The Austin illustrator draws on his inner child and gets serious about what kids find funny.
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The world of author and illustrator Keith Graves is a strange one, where monsters’ brains spill out onto the floor and children are abducted by aliens. But that doesn’t put off his young readers. In a time when most children’s literature shies away from anything vaguely dark, the 42-year-old Graves seems to be giving kids what they really want—absurd tales underlined by a twisted, sometimes ghoulish sense of humor. In September Scholastic Press brought out his third book, Uncle Blubbafink’s Seriously Ridiculous Stories. Next fall Graves will leap from print to film with two animated television series, Young McDonald and Scouts, and an animated movie based on his book Pet Boy is currently under development. Meanwhile, on November 17 and 18 he’ll be hanging out in Austin at the Texas Book Festival—in the Children’s Tent.
When you’re writing or illustrating, do you envision the typical kid who will see your work? Oh, that’s definitely me. It’s just me. My work really is a self-indulgence.
What do you think makes kids laugh? The yuck factor. That’s what my kids laugh at more than anything else probably.
Are there any subjects that you avoid because some parents might cringe? No, I try not to think about the kids or the parents when I’m doing the books. If I start thinking like that, it just gets all wrong. After it’s done I think, “Well . . .” Like Pet Boy [about a young pet collector who neglects his menagerie and is kidnapped by an alien and sold to an alien pet store]. It’s probably a little scary for children younger than four or five.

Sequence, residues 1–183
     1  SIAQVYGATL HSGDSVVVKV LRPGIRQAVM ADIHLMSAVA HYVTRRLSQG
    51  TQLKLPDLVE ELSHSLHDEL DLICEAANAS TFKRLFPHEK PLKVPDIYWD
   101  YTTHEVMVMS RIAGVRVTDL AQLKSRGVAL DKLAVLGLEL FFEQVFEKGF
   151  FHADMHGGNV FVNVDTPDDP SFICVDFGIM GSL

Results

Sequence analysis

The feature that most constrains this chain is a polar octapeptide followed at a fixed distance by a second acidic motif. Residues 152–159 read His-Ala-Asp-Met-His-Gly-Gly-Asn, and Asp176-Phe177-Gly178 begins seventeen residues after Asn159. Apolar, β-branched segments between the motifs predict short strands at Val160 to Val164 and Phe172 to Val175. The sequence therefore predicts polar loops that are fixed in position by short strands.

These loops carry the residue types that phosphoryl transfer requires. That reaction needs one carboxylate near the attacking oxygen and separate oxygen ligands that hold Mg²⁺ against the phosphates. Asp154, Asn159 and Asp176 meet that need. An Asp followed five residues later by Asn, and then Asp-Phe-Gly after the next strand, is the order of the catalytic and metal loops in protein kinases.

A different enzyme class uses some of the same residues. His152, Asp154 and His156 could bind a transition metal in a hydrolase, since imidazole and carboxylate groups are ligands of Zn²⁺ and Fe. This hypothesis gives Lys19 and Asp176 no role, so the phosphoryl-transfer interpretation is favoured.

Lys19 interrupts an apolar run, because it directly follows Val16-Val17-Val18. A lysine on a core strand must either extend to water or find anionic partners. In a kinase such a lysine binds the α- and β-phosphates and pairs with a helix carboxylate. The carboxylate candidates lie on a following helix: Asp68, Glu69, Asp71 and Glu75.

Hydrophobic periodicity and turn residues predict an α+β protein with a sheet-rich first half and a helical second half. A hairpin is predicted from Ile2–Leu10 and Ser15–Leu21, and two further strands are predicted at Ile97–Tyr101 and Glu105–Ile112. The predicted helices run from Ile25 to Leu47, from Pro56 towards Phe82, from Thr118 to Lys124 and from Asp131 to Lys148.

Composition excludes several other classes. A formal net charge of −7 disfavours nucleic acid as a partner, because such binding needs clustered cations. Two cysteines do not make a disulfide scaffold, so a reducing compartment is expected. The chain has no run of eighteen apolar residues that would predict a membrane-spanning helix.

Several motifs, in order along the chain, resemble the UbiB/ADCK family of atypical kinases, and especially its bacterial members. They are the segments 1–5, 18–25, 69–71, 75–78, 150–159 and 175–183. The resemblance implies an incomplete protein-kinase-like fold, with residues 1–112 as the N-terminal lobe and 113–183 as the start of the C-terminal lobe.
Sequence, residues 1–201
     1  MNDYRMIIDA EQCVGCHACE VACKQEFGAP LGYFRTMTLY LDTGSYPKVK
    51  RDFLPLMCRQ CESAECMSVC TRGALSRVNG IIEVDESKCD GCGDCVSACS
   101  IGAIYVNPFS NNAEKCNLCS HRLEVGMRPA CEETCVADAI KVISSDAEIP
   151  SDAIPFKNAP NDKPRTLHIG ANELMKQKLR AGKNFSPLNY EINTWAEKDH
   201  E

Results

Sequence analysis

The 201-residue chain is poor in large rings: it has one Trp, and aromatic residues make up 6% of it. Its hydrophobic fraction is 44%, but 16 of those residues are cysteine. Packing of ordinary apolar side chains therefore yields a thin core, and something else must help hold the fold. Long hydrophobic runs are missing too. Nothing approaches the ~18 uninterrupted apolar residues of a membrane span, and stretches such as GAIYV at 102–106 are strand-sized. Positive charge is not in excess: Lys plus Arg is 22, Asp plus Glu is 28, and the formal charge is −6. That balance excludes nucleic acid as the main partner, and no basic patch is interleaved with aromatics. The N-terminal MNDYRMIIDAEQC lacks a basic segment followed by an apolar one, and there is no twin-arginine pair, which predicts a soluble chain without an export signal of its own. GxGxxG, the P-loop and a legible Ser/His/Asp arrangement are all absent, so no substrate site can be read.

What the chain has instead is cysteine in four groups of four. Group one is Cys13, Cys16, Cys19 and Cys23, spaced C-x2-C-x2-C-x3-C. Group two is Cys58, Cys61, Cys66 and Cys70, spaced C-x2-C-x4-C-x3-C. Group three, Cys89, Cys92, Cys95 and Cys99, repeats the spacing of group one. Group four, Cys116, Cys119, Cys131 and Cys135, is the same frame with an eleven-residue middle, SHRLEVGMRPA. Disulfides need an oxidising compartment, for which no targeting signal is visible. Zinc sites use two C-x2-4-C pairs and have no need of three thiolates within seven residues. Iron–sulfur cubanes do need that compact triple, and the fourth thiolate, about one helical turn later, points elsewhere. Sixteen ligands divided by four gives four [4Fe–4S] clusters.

When I read Pet Boy to my eight-year-old, she did ask, “Where are his parents?” Then the alien returns him, and the alien is kind of a nice guy, but it’s, like, hmmm . . . I know. It might be a little hard-core. But it’s one of those stories like Hansel and Gretel, where those things happen. As a kid, that appealed to me. Once I hit a certain age, the fear factor added a good buzz to the experience. A little of the macabre adds the spice that attracts you and makes you tense.
I think the tendency is to avoid that now. Pretty much so. Everything is very, very cautious, which I think is a shame. It’s like having a helmet for everything. A helmet for climbing a tree—I can see the logic, but still, you just can’t be that controlling.